Every year, I set a goal for myself to attend more conferences and every year, I find reasons for not going because of deadlines or just allowing life to get in the way. This year, Creative Works got on my radar because of an old friend from design school, which piqued my curiosity. After seeing the stacked lineup and being a short 3-hour drive away, this was my perfect opportunity to fulfill that goal of attending at least 1 design conference this year. It was a weekend I will remember for a long time, not only because of the experience but because of the new friendships I forged with my fellow creatives.
Onward & Upward - Mary Kate Devitt
One of the presentations that resonated with me the most was by illustrator and lettering artist Mary Kate McDevitt. Companies and managers often focus on the production mindset and developing processes that will allow our teams to create work more efficiently without losing the authenticity behind the work. I loved the way she broke this down and then came full circle on the effects this can have on creatives (all individuals) when taken to the extreme. She started with something simple: jump into action or, as she coined it, “get the lead out.” As creatives, we are filled with so many ideas and potential solutions, but we tend to spend too much time trying to come up with the perfect answer first instead of letting ideas flow freely. The goal is to roll with whatever comes to build momentum instead of stifling creativity in pursuit of one great idea or solution.
One thing Mary Kate reminded us of as well was that being a creative is a lifestyle. We must always collect things and build our inventory to inspire our creativity. That then carries over into our profession by ensuring we’re always a student, finding ways to grow within our craft, and evolving as artists. Don’t wait for a specific project to pop up and then go looking for inspiration; be active and then dig into your tool belt to start solving problems.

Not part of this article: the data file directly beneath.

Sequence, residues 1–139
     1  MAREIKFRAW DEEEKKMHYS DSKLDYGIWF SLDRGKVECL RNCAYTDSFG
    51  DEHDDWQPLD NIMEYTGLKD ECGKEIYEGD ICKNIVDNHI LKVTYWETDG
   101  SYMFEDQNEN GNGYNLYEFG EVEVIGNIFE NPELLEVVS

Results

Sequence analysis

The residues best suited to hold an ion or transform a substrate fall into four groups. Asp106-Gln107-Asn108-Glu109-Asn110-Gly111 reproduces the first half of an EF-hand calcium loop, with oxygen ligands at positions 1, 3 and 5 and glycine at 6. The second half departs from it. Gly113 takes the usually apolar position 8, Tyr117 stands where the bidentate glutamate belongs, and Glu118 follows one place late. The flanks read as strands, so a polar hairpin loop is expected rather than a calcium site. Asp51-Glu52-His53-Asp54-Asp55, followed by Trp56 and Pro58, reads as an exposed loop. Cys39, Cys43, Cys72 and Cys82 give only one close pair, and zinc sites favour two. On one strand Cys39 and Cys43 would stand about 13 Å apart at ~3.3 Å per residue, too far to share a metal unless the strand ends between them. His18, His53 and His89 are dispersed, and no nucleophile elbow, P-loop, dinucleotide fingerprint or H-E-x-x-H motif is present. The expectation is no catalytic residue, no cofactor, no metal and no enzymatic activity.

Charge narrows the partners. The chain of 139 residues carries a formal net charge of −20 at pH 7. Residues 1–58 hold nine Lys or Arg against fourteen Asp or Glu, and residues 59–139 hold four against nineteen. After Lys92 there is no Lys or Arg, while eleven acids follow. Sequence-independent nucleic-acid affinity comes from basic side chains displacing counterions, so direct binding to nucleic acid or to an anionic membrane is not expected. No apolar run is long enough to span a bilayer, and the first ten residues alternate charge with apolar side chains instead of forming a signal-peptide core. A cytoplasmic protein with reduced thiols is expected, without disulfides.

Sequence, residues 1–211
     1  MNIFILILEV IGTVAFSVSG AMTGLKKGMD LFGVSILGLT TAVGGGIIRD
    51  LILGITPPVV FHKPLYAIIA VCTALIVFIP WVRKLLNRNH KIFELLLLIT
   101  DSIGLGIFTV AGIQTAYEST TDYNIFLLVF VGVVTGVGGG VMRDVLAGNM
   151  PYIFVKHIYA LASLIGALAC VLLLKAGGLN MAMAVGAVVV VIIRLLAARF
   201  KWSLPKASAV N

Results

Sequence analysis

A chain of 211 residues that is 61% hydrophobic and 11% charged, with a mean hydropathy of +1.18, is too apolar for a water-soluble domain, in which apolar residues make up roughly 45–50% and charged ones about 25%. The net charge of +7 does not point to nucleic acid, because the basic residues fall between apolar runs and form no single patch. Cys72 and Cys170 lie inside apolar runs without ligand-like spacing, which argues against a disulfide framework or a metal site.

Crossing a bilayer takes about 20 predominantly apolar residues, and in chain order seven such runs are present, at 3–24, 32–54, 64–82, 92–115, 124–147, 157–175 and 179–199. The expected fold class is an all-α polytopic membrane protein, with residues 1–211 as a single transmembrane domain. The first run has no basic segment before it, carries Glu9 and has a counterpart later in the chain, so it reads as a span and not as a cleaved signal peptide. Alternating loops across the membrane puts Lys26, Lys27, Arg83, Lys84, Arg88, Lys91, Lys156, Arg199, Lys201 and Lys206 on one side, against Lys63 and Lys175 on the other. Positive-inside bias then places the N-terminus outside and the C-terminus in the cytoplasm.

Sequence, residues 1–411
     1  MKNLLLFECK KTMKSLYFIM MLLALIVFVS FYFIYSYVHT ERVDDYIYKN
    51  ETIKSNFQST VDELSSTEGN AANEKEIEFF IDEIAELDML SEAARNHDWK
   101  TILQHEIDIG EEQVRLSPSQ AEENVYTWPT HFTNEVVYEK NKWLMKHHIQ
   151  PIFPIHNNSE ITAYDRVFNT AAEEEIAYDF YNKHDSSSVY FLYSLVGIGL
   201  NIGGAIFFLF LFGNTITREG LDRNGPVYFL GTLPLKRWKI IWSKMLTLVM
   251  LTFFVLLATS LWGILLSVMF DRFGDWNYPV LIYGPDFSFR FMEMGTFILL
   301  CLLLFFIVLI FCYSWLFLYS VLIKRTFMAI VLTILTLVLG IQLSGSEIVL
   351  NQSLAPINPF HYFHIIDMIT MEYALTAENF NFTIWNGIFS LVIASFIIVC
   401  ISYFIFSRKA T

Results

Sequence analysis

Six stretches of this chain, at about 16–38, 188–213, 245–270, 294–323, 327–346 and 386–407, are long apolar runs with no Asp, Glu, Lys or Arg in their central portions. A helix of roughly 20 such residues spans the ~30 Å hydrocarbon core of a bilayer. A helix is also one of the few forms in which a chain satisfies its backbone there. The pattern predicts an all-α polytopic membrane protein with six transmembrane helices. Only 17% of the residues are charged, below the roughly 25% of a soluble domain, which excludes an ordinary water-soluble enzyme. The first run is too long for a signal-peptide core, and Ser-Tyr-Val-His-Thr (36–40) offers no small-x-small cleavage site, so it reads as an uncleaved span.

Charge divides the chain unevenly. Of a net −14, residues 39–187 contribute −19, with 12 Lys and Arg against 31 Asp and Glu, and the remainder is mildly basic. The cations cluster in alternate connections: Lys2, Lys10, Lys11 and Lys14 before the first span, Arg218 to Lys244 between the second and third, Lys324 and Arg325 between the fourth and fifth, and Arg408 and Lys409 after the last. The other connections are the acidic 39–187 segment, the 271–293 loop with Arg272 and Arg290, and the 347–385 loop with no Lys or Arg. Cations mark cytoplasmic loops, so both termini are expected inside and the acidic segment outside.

As we were all getting on board and buying into this philosophy of jumping in head first, gaining momentum, making things, and producing, she hit us with the real wisdom. Mary Kate had gotten to a place where she was equating success to productivity. This meant that anytime she was not producing something, she felt like she wasn’t succeeding and could not fully celebrate the real success she had achieved. It also meant she was not allowing herself to look backward and see the successful things in her work or find areas she’d like to explore more. That led to her last point: Intention = Progress. Productivity is not the end goal. Intention is what is most important when you’re producing work as a creative. That means understanding when it is time to be in production mode and when it is time to explore and experiment so that your work can be the best it can be. So pause, celebrate your successes, and go into each new project with intention instead of just maximizing your productivity.
A Wintery Dimwits Footprints - Rob Zilla III